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In the end, after he gets his grub, Scorpio leads them to Fuckface, catching the villain at a pound where he’s gone to get another puppy for him, well, “puppy love.” Scorpio proves he’s not to be trifled with by disemboweling one of Chester’s men, and the King’s Dominion kids realize that they may have solved one problem with another problem. Kids these days.

In the ‘B Plot,’ Maria learns that breaking herself free from Chico does not release her from the powerful hand of Chico’s father, played by the excellent David Zayas, mostly known for Dexter. Chico’s dad is as crazy as Chico but way more powerful. “Their families will know Hell before I send them there,” he tells Lin. And we believe him. It’s nice to have a new villain on the show in the form of another solid character actor. Let’s just hope the writers know how to use him well. In the final scene, he forces Maria to kill their enemy in a crowded club, which she does with surprising ease. The look as he admires the blood on her face is particularly disturbing. Maria is still in serious trouble.

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Finally, in the ‘C Plot,’ the writers rush a storyline that one wishes they had held a bit longer. In the span of a few scenes, we learn that Lin has lied for years about the death of his daughter, Maya, in an effort to keep her out of the family business. Lin’s sister, Gao, lost a son to the world of assassins. She (too) quickly discovers her brother’s lie and learns that her niece is still alive. It seems unlikely that Lin will hesitate for a second to kill his sister to protect his daughter, but that’s because the brother-sister dynamic hasn’t been developed. I wish they had built that up to make the coming storm more dramatically complex.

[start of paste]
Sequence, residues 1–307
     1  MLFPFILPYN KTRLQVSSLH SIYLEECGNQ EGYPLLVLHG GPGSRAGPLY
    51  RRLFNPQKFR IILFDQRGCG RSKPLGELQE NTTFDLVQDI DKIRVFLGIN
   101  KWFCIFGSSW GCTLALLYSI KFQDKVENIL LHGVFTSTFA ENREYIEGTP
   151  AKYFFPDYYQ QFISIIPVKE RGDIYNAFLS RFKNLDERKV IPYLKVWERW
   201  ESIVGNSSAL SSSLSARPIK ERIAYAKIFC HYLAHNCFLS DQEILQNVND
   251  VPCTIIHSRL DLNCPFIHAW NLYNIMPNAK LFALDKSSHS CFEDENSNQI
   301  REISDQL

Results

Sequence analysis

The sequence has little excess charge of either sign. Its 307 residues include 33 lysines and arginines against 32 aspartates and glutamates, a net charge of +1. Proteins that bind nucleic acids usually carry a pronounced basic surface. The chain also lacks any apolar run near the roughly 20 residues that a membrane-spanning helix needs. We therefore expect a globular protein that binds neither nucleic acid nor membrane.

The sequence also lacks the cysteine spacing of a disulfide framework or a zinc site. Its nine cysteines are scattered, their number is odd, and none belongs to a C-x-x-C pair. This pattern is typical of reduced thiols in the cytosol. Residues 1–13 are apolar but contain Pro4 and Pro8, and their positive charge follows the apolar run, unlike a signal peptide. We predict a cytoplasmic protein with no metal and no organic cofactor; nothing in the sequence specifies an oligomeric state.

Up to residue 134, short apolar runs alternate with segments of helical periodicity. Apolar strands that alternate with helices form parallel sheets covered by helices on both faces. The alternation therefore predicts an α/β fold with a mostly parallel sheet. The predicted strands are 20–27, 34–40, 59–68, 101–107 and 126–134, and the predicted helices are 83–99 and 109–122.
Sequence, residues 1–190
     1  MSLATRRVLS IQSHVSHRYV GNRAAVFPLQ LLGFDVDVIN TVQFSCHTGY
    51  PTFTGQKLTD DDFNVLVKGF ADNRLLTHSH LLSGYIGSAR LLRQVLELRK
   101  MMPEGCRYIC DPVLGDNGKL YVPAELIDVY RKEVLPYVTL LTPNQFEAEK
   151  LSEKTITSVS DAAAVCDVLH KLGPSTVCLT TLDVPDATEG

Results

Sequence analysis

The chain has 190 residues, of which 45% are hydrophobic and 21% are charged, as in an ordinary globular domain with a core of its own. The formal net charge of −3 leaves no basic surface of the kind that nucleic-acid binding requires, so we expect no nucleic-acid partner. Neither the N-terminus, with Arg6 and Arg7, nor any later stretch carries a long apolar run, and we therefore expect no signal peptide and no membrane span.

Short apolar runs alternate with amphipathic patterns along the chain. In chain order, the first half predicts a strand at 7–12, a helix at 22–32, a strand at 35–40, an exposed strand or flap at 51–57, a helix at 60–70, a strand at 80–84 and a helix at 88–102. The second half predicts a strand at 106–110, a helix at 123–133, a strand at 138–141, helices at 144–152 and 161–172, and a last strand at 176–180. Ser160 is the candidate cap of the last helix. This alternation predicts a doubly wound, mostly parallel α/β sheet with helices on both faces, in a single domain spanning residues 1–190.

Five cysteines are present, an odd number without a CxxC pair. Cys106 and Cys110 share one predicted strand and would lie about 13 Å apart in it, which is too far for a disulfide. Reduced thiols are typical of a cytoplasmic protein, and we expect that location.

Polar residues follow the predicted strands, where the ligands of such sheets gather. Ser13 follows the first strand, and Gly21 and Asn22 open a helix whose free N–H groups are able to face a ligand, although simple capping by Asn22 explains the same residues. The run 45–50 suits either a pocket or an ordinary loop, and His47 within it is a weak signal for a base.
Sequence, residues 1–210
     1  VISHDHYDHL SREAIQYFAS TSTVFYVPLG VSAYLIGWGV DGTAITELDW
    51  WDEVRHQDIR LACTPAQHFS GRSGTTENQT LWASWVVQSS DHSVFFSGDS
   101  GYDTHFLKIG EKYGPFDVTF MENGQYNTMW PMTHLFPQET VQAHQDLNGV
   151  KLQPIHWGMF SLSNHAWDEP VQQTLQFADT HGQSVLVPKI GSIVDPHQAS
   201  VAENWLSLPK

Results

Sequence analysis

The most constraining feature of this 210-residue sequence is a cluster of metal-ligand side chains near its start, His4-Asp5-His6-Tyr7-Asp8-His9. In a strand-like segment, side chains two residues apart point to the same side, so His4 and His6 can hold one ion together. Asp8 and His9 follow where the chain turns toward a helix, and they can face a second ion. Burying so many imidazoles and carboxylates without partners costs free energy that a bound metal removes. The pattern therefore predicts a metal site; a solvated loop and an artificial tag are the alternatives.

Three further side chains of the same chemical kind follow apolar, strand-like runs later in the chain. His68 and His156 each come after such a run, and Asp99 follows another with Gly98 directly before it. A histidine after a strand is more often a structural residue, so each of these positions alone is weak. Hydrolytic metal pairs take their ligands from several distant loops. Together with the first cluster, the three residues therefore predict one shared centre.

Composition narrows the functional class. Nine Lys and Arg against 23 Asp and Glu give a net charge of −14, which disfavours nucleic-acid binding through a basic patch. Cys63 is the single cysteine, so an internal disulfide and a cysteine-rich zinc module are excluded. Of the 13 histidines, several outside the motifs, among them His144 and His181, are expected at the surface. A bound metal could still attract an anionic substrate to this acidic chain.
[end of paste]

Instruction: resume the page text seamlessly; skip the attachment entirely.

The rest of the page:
Ultimately, with the brief exception of a few beats with David Zayas, “Rise Above” feels like the first episode of Deadly Class that truly misses its mark. Then again, maybe its “mark” was just to lay the foundation for better episodes to come. Most seasons of most shows have at least one or two transitional episodes. Let’s hope this is the only one of Deadly Class this season.

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Stray observations

  • We didn’t have much space to talk about Willie and Gabrielle this recap but their arc didn’t have much to talk about other than a cool reference to a comic book in which a hero decimates his enemies with a baby under his arm. Wonder what that is? The super-cool Lone Wolf and Cub, which was also made into a few excellent movies available in a great Criterion set.
  • There was an exchange this week about Dr. Seuss being kind of a jerk, including sleeping with another woman while his wife was dying. Was it true? Sorry to ruin your childhood.
  • Only one music cue this week but it was a good one for the final scene: “Ca Plane Pour Moi” by Plastic Bertrand.
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About the author

Brian Tallerico

Brian is the Editor of RogerEbert.com, President of the Chicago Film Critics Association, and a contributor to Vulture, Rolling Stone, and The New York Times.